WASHINGTON — Helmut Sonnenfeldt, a confidant and top adviser to former secretary of state Henry Kissinger who was credited with helping formulate the Nixon administration’s policy of detente with the Soviet Union, died Nov. 18 in Chevy Chase, Md. He was 86.
He had Alzheimer’s disease, said his wife, Marjorie.
Mr. Sonnenfeldt was known among insiders as ‘‘Kissinger’s Kissinger,’’ a moniker reflecting the deep philosophical affinity he shared with his boss despite what both men described as an often-rivalrous relationship.
They met shortly after World War II during service in the US Army in their native Germany. Both of Jewish origin, they had fled their homeland during the Nazi rise to power. ‘‘They had seen how dangerous disorder and instability could be,’’ Kissinger biographer Walter Isaacson said.
In 1969, Kissinger became President Nixon’s national security adviser. He pulled Mr. Sonnenfeldt from the State Department, where he had worked since 1952 and had ascended to head the office of research on the Soviet Union and Eastern Europe. Kissinger made him a top aide on the National Security Council. When Kissinger became secretary of state in 1973, he chose Mr. Sonnenfeldt for the ranking position of department counselor.
‘‘He was with me in practically every negotiation I conducted with the Soviets,’’ Kissinger said in an interview, describing Mr. Sonnenfeldt as an ‘‘indispensable associate.’’
Mr. Sonnenfeldt was often cited as a key figure behind the thawing of tensions with the Soviet Union and China during the Nixon and Ford administrations. That period included advances such as US-Soviet arms agreements and the Helsinki Accords on human rights.
Later, during the Carter administration, relations again became strained after the Soviets invaded Afghanistan.
Mr. Sonnenfeldt was reported to have spent dozens of hours in negotiations with Andrei Gromyko, the Soviet foreign minister known in the West as Mr. Nyet, or Mr. No, for his frequent refusals of American proposals.
As part of his diplomatic efforts, Mr. Sonnenfeldt once went on a hunting expedition with Gromyko and Soviet leader Leonid Brezhnev north of Moscow. Mr. Sonnenfeldt knew that such interactions could help reveal a man’s psyche.
‘‘With those telescopic sights on the Russian guns, it was almost impossible to miss,’’ Mr. Sonnenfeldt later said. ‘‘Gromyko waited very carefully to get them in his sights. He fired two shots and killed two boar. Brezhnev missed.’’
Winston Lord, the former ambassador to China, served as an aide to Kissinger and admired Mr. Sonnenfeldt for his candid analysis. In an interview, he recalled one instance in which Mr. Sonnenfeldt was ‘‘outfoxed’’ in negotiations.
At one point, Brezhnev suggested that he and Mr. Sonnenfeldt trade wristwatches, Lord said, ‘‘as an example of our Soviet-American friendship.’’ Mr. Sonnenfeldt did not much profit from the trade, Lord said, but he ‘‘couldn’t say no.’’
Helmut Sonnenfeldt was born in Berlin. His parents were physicians. In the run-up to World War II, they sent Helmut and brother Richard to a school in England. Richard Sonnenfeldt, who died in 2009, became a prominent interrogator during the Nazi war crimes trials in Nuremberg.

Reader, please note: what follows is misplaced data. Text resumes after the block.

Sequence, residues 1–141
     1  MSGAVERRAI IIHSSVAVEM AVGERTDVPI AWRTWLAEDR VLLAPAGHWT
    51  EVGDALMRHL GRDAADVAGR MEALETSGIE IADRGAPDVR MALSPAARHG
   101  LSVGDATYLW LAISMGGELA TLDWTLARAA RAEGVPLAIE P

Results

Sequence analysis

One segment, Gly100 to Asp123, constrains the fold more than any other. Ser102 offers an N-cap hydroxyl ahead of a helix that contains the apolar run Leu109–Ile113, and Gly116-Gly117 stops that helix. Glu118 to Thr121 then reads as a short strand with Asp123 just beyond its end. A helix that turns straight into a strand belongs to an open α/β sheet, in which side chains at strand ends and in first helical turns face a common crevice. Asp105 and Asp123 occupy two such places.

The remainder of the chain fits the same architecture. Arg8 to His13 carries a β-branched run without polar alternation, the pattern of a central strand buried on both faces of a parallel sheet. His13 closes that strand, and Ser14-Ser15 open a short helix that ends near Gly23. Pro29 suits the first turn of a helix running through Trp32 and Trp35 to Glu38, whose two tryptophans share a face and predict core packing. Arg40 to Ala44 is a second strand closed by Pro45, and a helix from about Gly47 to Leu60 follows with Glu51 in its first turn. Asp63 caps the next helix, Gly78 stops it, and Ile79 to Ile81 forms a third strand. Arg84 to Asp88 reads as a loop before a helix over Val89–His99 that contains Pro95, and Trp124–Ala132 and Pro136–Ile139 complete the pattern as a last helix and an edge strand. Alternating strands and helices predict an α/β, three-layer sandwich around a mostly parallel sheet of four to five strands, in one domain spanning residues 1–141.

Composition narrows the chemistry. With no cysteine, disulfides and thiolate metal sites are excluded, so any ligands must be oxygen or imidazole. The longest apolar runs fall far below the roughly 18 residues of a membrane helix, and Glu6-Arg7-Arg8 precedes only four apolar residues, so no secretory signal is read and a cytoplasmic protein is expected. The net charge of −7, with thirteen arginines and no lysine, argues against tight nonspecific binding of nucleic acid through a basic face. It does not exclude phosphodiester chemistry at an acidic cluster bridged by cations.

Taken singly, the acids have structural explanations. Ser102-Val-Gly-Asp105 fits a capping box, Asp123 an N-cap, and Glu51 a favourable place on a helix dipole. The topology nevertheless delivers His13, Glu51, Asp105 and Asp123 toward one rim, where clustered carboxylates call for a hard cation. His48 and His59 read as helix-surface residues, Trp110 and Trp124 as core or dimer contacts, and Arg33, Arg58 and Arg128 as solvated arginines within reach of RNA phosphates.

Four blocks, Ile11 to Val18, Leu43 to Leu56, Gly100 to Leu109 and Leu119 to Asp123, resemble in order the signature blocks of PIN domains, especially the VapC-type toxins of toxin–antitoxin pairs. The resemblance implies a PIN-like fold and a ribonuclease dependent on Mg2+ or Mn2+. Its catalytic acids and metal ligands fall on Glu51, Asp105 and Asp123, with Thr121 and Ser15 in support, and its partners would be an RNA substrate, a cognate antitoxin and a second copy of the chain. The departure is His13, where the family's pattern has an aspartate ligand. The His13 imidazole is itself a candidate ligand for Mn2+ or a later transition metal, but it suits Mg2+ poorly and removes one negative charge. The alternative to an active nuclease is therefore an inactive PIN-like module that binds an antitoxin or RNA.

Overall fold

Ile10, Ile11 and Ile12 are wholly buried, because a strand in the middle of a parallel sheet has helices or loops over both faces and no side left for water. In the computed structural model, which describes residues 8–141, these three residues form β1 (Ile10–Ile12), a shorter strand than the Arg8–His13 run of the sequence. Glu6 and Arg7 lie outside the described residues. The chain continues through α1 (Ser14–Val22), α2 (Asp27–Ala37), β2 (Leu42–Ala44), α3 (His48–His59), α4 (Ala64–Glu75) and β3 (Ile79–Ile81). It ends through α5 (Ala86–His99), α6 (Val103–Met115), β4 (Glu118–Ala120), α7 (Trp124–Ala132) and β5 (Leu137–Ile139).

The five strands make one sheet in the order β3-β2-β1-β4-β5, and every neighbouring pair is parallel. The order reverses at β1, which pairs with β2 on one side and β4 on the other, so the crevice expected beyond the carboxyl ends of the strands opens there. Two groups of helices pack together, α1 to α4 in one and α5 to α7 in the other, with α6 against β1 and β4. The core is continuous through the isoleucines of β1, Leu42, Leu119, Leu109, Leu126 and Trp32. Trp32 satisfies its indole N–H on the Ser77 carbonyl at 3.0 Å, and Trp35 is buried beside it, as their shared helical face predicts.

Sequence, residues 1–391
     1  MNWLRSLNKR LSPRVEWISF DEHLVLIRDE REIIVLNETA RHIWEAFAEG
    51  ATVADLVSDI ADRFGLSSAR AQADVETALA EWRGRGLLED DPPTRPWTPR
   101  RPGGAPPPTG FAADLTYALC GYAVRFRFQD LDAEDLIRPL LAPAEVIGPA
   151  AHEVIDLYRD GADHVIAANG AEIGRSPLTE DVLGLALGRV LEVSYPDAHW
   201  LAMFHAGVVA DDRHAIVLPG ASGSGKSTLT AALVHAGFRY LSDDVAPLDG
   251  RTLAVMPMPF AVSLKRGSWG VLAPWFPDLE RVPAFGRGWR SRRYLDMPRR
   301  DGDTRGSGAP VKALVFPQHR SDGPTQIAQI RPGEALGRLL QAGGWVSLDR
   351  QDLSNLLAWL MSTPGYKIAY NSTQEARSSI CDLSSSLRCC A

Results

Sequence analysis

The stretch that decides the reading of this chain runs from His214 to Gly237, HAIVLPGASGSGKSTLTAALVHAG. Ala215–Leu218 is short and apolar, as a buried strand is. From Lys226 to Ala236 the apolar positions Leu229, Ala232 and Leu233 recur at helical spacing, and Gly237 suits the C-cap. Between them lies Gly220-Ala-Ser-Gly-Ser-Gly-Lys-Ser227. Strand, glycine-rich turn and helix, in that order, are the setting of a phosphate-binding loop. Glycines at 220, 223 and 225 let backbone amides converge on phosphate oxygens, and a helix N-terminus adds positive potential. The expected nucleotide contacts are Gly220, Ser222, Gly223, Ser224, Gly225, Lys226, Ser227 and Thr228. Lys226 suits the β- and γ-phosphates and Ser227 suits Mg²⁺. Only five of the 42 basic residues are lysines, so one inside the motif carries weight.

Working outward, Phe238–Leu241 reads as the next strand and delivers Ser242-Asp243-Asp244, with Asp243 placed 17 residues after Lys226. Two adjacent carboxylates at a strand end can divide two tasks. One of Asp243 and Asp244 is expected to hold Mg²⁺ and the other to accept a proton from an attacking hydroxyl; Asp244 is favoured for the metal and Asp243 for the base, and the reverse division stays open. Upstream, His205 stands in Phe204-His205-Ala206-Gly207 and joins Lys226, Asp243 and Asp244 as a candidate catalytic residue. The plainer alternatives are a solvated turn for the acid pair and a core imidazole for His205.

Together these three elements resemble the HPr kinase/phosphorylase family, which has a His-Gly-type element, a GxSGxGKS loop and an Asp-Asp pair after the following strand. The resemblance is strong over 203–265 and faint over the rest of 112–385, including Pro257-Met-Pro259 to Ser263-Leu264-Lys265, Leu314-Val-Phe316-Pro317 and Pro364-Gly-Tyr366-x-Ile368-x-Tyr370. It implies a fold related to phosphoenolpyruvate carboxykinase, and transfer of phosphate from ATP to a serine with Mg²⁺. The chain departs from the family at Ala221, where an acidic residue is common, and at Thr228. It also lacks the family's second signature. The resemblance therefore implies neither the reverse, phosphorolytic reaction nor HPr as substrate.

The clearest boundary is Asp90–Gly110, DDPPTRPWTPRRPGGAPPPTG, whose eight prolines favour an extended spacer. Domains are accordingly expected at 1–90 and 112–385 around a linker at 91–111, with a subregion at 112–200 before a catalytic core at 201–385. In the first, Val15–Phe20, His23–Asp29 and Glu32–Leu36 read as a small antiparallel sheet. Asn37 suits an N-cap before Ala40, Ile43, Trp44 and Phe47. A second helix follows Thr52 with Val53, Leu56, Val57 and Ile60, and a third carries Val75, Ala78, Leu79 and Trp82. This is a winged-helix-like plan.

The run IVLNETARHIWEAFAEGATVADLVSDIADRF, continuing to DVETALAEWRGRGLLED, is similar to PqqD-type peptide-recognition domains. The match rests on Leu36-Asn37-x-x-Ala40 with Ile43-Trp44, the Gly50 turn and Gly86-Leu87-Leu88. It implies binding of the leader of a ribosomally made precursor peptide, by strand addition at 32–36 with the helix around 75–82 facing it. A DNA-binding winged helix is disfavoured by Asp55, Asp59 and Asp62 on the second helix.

After coming to the United States in 1944, Mr. Sonnenfeldt joined the Army. Hoping for a combat assignment rather than an intelligence posting, he chose not to advertise his fluency in German. He served as an infantryman in the Pacific before being transferred to Europe, where he met Kissinger.
Mr. Sonnenfeldt received a bachelor’s degree in 1950 and a master’s degree the following year, both in political science from Johns Hopkins University.
In 1976, he became the focus of a flap surrounding what was reported to be his articulation of new US policy toward the Soviets. Mr. Sonnenfeldt had said ‘‘it must be our policy to strive for an evolution that makes the relationship between the Eastern Europeans and the Soviet Union an organic one.’’
His remarks, dubbed ‘‘the Sonnenfeldt doctrine,’’ were characterized in the media as a concession that Eastern Europe naturally fell and would continue to exist inside the Soviet sphere of influence. Characterized in that way, the remarks drew criticism from politicians, including presidential candidate Ronald Reagan.
Mr. Sonnenfeldt said that his use of ‘‘organic’’ had been grossly misunderstood. ‘‘We do not accept,’’ he said, that Eastern Europe is a ‘‘sealed-off, exclusive preserve for anyone.’’
After leaving the government in 1977, Mr. Sonnenfeldt joined the Brookings Institution. He retired in 2010. He was a longtime member of the Chief of Naval Operations Executive Panel and wrote books on Soviet diplomacy and politics.
He leaves his wife of 59 years, the former Marjorie Hecht, of the department store family; three children ; and six grandchildren.
On at least one occasion, Mr. Sonnenfeldt carried off a quick diplomatic save. During a visit to the Soviet Union, he and Kissinger visited Brezhnev’s hunting lodge, a lavish estate with a movie theater. When Brezhnev asked what price the property might command in the United States, Kissinger gave an undiplomatically low estimate of $400,000.
Mr. Sonnenfeldt quickly found a way to heal the Soviet leader’s wounded vanity.
Perhaps, he suggested, the figure was more on the order of $2 million.